Monthly film night The Great Dictators

The vanity of evil

The Great Dictators is a new monthly film night at De Verdieping, the cultural project space of TrouwAmsterdam, focussing on ‘the vanity of evil’. Each night centers around one absolute ruler, both past and present, and shows how tyrants and populist leaders are (re)presented in (documentary) films. Non-fiction’s Michiel van Iersel is curating this series.

# 00 | Wednesday, September 16, 2009, Wibautstraat 127, doors open 20:30h | film starts 21:00h

The Great Dictator (1940)

The Great Dictator

The Great Dictator is a comedy film directed by and starring Charlie Chaplin. It was Chaplin’s first true talking picture, and more importantly was the only major film of its period to bitterly satirize Nazism and Adolf Hitler. Chaplin began filming in September 1939, one week after the beginning of World War II when the United States were still at peace with Nazi Germany. He finished filming almost six months later. In his autobiography, Chaplin stated that he would not have been able to make such jokes about the Nazi regime had the extent of their horrors been known. After 1945 it took over twenty years before any other films dared to satirize the era.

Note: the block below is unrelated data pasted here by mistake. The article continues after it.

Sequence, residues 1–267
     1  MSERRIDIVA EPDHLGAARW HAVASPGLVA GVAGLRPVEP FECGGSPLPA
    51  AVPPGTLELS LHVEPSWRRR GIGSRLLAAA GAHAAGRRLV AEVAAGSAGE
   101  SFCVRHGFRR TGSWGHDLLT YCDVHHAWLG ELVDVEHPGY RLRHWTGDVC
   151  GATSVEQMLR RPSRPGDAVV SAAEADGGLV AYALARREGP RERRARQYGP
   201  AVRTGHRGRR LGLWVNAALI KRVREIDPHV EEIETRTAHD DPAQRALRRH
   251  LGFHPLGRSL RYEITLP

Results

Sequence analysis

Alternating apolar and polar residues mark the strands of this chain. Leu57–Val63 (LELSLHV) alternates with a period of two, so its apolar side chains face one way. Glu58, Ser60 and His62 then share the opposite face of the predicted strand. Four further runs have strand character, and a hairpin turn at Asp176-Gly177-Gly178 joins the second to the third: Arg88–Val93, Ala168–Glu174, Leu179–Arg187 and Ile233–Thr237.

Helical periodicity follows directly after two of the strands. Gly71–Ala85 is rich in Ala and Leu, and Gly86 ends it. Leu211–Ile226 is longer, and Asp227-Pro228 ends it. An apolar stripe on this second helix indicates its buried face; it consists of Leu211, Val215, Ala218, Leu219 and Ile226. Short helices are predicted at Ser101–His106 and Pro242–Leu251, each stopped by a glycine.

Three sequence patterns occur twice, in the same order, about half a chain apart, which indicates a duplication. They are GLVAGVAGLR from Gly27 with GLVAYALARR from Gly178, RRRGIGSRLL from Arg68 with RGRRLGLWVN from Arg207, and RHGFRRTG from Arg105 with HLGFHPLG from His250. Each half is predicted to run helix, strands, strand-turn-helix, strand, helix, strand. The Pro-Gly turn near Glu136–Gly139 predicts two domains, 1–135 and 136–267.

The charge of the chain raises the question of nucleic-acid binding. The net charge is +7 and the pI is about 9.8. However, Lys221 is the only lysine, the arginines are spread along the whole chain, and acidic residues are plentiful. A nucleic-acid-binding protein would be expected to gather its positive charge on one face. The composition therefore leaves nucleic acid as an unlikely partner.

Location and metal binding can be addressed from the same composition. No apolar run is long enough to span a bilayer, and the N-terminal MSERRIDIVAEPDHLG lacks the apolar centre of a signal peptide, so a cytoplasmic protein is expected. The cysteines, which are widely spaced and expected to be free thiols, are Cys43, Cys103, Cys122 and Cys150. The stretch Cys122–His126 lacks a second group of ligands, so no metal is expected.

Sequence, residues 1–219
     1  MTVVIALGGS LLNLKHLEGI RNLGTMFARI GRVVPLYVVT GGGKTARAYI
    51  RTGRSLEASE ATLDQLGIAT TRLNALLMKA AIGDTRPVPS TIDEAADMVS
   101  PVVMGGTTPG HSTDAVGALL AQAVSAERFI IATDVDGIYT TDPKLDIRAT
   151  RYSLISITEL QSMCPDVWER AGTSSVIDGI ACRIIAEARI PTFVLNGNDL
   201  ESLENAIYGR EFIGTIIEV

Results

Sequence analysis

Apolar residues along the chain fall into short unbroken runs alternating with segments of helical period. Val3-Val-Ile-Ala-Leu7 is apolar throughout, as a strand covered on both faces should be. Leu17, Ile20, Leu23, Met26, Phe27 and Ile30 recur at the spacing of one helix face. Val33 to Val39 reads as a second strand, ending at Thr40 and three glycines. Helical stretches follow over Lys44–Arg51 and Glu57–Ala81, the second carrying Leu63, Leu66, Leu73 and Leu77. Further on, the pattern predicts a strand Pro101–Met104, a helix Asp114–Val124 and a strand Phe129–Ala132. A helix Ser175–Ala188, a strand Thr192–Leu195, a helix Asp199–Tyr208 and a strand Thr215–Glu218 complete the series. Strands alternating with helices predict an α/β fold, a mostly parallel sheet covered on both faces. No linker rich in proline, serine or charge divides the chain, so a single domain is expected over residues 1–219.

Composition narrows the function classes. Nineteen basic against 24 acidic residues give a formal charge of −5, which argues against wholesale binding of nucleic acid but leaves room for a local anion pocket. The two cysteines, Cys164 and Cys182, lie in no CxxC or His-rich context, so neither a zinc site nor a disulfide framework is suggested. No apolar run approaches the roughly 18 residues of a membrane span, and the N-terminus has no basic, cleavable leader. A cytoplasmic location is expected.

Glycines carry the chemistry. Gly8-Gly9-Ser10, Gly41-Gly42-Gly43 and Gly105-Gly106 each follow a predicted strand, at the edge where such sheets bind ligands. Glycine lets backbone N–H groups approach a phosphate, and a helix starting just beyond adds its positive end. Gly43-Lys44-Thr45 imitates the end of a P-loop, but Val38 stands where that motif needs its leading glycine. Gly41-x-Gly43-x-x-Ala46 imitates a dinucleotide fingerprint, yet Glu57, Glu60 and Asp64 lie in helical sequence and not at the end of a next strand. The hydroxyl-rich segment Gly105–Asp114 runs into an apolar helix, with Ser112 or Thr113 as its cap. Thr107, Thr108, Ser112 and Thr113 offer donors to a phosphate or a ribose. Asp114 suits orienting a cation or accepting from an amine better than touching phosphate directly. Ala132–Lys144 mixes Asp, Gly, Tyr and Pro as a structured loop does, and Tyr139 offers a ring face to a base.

In this movie, Chaplin plays Adenoid Hynkel, the great and autocratic dictator of Tomania. He was satirizing both Hitler and Nazi Germany. Chaplin also plays a second character, a Jewish barber, who is an Adenoid Hynkel look-alike. Hynkel’s rival is Napaloni (a mixture of Mussolini and Napoleon), dictator of Bacteria (Italy).

Almost every scene in The Great Dictator is perfect: the iconic globe dance, Hynkle’s poorly-translated address to the Tomanian people, the musical shaving scene, an upside-down airplane, all capped by Chaplin’s heartrending final plea for peace.

The film was sent to Hitler, and an eyewitness confirmed he saw it twice. Chaplin, after being told Hitler saw the movie, replied: “I’d give anything to know what he thought of it. Several similarities between Hitler and Chaplin have been noted and may have been a pivotal factor in Chaplin’s decision to make The Great Dictator. Chaplin and Hitler had superficially similar looks, most famously their toothbrush moustaches. Furthermore, the two men were born only four days apart in 1889.

Join us for the next GREAT DICTATORS film night on October 14, starting at 20:30h
Focus on Idi Amin Dada (1925 –2003). Commonly known as Idi Amin, he was an African military dictator and President of Uganda from 1971 to 1979. He is portrayed in various books, films and documentaries, including General Idi Amin Dada: A Self Portrait (1974), Raid on Entebbe (1977) and The Last King of Scotland (2006).

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